$500 million fund InBC announces second batch of investments
The provincial Crown corporation has made direct investments into 4AG Robotics and Clarius Mobile Health, and into additional venture funds supporting B.C.-based companies.
Jill Earthy, CEO of InBC. Photo: Kai Jacobson / Vancouver Tech Journal
Nearly a year after the province’s $500 million investment fund InBC announced its first round of funding picks, the organization has chosen its next set of outfits to support.
InBC announced it has committed $4 million into 4AG Robotics (formerly TechBrew Robotics) and $5 million into Clarius Mobile Health. It has also given $10 million to Amplitude Ventures Fund II and $10 million into the Pender Technology Inflection Fund II — both venture funds that support B.C.-based companies.
“British Columbia is home to a great number and diverse set of companies at the forefront of innovation and aligned to our triple bottom line investment strategy,” said Leah Nguyen, chief investment officer of InBC. “These investments we announce today are catalyzing impact across sectors and geographic regions in our province; they’re driving innovation, creating quality, family-supporting jobs and building an economic future for B.C. that is more prosperous, sustainable and inclusive."
InBC operates with a triple-bottom-line mandate, and must consider people, planet, and profit in each investment. In addition to seeking financial returns, the firm must select organizations that innovate for the future, drive climate action, advance reconciliation, and elevate inclusive communities in B.C.
Each of the four investments announced today appear to be in line with InBC’s plan of focusing on venture capital funds and companies with high growth potential.
4AG Robotics is an agritech company which develops and builds robotics solutions for agriculture producers to grow sustainably. Its harvesting robot is helping mushroom farmers to improve their yields and increase operational efficiencies, while addressing labour challenges and reducing food waste. The $4 million InBC has committed forms part of the company’s $17.5 million series A raise, which was announced yesterday.
Clarius Mobile Health, in turn, produces wireless handheld ultrasound scanners enabling healthcare practitioners to manage and perform exams from anywhere. It improves patient outcomes and accessibility to care with scanners that are affordable, ultra-portable, and using artificial intelligence to deliver accurate and high-definition imaging. According to Pitchbook, this $5 million investment will be the company’s first since its Series A2 in March last year.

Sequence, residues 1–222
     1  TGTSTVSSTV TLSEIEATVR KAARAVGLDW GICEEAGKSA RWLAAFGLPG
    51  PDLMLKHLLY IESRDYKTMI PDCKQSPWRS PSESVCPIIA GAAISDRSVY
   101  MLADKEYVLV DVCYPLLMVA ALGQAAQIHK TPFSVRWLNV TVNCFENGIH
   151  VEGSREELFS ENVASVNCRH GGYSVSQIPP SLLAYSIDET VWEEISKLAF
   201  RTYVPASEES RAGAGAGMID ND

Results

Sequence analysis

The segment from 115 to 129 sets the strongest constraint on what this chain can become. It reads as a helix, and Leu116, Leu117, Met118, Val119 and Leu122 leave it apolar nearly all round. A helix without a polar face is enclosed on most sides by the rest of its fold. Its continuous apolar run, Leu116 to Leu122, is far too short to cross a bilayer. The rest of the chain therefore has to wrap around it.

InBC has previously said it will not invest into earlier-stage companies, as startups rely on advice from specialized investors. Nguyen believes InBC can best help early-stage companies by financing investment firms rather than injecting the cash first-hand — a thesis that likely contributed to the organization’s choice to support two venture funds in this round of funding. Doing so will increase both’s investing capacity as well as the number of investors in the province, the company said in a press release, and InBC has deliberately chosen funds committed to investing in B.C.-based companies across various stages of growth.
Amplitude Ventures is a venture fund that invests in life sciences and biotechnology companies, bringing healthcare innovations to market to help improve the lives of patients. Its Fund II will invest in early-stage companies in the areas of high value therapies, medical technology, and artificial intelligence and machine learning.
Pender Ventures is a venture fund investing in healthtech and B2B technology startups to drivevefficiencies and improve clinical decision-making, patient outcomes, and healthcare operations. The Pender Technology Inflection Fund II is focusing on companies at the growth stages between commercialization and scale up.
In its first round of investments in December last year, InBC put money into three funds: Evok Innovations, Raven Indigenous Capital Partners, and Yaletown Partners. This latest set of investments, the company said in a press release, will also drive innovation, create quality jobs, increase research and development spend, and retain intellectual property in the province.
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